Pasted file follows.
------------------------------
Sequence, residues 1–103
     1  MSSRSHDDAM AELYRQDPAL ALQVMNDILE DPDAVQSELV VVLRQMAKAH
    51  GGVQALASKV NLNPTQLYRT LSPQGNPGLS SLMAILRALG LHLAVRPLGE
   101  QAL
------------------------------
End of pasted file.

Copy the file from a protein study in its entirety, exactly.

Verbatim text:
Sequence, residues 1–103
     1  MSSRSHDDAM AELYRQDPAL ALQVMNDILE DPDAVQSELV VVLRQMAKAH
    51  GGVQALASKV NLNPTQLYRT LSPQGNPGLS SLMAILRALG LHLAVRPLGE
   101  QAL